This TSB will help you diagnose the gasket. If it's bad, let me know and I'll post the repair procedure if you need it.
Spark Knock And Engine Oil Consumption Due To Intake Manifold Pan Gasket Oil Leak
This bulletin involves the replacement of the engine intake manifold plenum pan gasket.
1994 – 1999 (AB) Ram Van
1994 – 1999 (AN) Dakota
1994 – 1999 (BR/BE) Ram Truck
1998 – 1999 (DN) Durango
1994 – 1998 (ZJ) Grand Cherokee
1996 – 1998 (ZG) Grand Cherokee
NOTE: THIS BULLETIN APPLIES TO VEHICLE EQUIPPED WITH A 3.9L, 5.2L. OR
5.9L GASOLINE ENGINE.
An engine intake manifold plenum pan gasket oil leak may occur on some V-6 and V-8
style engines. The oil leak is internal to the engine so no external oil leakage will be
present. Two symptoms of this oil leak condition may be present. The vehicle operator
may experience an engine spark knock during acceleration and/or an increase in the
amount of engine oil consumed by the engine.
Make sure Technical Service Bulletin (TSB) 18-48-98 has been performed.
NOTE: IT IS IMPORTANT THAT THE COIL AND SPARK PLUG WIRES ARE ROUTED
EXACTLY AS SPECIFIED IN TSB 18-48-98 TO ACHIEVE THE MOST
Inspect the Positive Crankcase Ventilation (PCV) valve. Shake the PCV valve to verify
that the pintle inside of the PCV valve is free. Replace the PVC if the pintle is not free.
If the intake manifold plenum pan gasket is leaking, an additional vacuum source will be
created inside of the engine at the location of the pan gasket leakage. Engine combustion
blow-by gases, oil vapor, and air from the crankcase filter/breather may be drawn past the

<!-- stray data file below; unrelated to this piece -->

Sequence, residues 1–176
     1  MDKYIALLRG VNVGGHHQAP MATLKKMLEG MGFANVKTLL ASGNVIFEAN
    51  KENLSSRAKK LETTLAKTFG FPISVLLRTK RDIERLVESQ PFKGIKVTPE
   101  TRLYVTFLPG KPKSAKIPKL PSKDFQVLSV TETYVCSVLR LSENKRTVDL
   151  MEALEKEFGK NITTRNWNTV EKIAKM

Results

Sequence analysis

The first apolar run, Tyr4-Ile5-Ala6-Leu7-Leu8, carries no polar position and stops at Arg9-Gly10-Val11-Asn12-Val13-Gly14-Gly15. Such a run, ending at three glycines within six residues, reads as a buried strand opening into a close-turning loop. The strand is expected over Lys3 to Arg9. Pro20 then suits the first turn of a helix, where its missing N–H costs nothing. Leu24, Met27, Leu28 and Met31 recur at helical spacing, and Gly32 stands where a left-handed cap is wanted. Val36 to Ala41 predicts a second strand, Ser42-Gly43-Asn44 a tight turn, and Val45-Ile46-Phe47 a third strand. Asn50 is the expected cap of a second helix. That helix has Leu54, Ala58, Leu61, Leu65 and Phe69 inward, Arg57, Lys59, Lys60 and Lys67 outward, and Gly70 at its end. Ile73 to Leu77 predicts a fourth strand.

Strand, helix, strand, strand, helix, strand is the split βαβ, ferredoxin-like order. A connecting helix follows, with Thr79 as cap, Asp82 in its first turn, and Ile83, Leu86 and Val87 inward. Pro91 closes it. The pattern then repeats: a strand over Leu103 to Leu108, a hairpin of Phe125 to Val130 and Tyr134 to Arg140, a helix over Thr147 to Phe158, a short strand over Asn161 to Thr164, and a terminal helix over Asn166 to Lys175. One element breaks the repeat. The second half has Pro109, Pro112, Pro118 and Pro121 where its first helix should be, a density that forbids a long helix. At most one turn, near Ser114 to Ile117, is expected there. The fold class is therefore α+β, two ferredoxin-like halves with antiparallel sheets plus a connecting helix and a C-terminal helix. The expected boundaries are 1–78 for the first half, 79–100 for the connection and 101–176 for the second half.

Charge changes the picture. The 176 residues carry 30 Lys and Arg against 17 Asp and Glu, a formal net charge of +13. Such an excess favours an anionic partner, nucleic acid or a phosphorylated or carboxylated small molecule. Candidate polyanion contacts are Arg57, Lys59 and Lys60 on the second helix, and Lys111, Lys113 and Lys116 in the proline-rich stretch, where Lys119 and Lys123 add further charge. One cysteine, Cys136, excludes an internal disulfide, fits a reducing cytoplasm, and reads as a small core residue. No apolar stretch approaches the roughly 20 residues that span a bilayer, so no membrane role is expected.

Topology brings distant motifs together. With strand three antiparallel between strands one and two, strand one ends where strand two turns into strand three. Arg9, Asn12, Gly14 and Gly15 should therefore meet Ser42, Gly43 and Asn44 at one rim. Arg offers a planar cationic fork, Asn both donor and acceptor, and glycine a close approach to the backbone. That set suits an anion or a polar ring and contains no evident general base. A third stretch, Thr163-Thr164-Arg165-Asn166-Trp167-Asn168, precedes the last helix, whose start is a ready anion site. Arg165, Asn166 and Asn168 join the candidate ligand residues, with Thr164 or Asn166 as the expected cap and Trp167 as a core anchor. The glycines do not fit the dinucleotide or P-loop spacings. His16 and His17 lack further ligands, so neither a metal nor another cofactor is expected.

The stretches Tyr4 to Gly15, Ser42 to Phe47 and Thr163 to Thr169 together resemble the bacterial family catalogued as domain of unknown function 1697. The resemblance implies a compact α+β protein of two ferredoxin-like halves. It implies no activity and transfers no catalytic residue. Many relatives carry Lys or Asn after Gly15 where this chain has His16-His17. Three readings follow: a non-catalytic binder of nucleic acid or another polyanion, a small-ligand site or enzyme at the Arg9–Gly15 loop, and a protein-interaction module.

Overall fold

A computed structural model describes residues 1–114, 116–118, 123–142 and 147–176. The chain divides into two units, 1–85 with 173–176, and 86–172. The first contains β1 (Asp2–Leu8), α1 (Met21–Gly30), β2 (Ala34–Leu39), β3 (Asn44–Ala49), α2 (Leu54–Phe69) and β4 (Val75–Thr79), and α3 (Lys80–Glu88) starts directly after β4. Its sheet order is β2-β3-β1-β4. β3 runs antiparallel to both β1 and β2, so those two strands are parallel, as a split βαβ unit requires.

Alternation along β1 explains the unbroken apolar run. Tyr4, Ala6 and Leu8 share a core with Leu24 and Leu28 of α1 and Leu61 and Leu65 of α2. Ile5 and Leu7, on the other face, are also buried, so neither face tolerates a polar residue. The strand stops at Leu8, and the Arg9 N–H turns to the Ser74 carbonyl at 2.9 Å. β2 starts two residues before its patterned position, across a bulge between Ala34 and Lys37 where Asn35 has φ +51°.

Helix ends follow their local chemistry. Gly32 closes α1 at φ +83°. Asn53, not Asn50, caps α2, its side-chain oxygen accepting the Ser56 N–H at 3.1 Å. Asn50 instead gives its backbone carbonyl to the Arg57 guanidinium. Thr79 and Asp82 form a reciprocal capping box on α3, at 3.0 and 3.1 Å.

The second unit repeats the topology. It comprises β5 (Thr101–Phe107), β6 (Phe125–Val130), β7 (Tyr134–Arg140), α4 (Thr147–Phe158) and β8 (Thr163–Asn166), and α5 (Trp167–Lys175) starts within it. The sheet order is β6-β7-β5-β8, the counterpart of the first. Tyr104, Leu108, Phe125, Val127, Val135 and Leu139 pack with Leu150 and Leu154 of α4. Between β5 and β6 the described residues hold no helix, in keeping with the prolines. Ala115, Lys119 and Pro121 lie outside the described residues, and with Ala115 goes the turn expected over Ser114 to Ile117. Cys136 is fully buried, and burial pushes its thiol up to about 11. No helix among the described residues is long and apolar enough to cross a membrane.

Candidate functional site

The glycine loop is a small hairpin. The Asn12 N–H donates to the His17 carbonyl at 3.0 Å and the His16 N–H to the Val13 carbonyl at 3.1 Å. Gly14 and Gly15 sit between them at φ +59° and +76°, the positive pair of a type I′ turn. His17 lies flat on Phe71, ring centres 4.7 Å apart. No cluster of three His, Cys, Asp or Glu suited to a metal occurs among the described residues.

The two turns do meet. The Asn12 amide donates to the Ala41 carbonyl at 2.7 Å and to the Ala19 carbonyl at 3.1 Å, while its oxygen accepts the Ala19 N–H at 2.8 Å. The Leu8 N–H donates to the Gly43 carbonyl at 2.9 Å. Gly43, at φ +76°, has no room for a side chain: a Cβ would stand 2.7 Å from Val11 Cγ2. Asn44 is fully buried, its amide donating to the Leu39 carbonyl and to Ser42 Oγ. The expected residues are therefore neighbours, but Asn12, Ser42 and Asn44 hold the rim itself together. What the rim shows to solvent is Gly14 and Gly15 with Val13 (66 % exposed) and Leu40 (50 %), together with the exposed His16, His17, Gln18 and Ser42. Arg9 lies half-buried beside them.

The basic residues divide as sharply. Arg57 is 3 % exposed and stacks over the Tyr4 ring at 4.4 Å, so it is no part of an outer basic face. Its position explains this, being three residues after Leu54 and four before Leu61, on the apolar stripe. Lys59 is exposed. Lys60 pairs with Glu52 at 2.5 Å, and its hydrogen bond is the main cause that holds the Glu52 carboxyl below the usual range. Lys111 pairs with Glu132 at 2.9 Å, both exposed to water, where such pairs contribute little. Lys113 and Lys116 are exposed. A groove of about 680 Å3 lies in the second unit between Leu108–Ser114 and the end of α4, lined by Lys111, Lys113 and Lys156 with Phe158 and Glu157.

leaking pan gasket and into the intake manifold. In most cases when this condition occurs,
an engine at idle will create the highest vacuum and lowest amount of engine blow-by.
This bulletin is supplied as technical information only and is not an authorization for repair. No part of this publication may be reproduced, stored in a retrieval system, or
transmitted, in any form or by any means, electronic, mechanical, photocopying, recording, or otherwise, without written permission of DaimlerChrysler Corporation.
1. Allow the engine to reach normal operating temperature.
2. Stop the engine.
3. Disconnect the breather hose from the air cleaner.
4. Attach a vacuum / pressure gauge to the end of the breather hose (Figure 1).
1 – VACUUM / PRESSURE GAUGE
2 – BREATHER HOSE
3 – VALVE COVER BREATHER HOSE PORT
5. Disconnect the PCV valve hose from the intake manifold.
6. Seal off the intake manifold PCV valve hose port opening.
7. Seal off the open end of the PCV valve hose (Figure 2).
NOTE: DURING THIS DIAGNOSIS, IT WOULD BE NORMAL FOR THE ENGINE TO
DEVELOP PRESSURE WITHIN THE ENGINE CRANKCASE. THIS IS DUE TO
THE NORMAL PROCESS OF EXHAUST BLOW-BY GASES LEAKING PAST
THE ENGINE PISTON RINGS AND ACCUMULATING IN THE ENGINE
CRANKCASE. DO NOT ALLOW MORE THAN 3 PSI (20.7 kPa) OF
PRESSURE TO BUILD WITHIN THE ENGINE WHEN PERFORMING THE
FOLLOWING DIAGNOSTIC PROCEDURE.
8. Start the warmed engine and observe the vacuum gauge.
9. Allow the engine to idle for approximately 30 seconds. Do not allow more than 3 psi
(20.7 kPa) of pressure to develop in the engine crankcase.
10.If the attached vacuum / pressure gauge does not indicate that a vacuum is present in
the engine crankcase, then the intake manifold plenum pan gasket is good and no
further internal engine vacuum leak diagnosis is required.
11. If an internal vacuum leak is present then perform the Repair Procedure.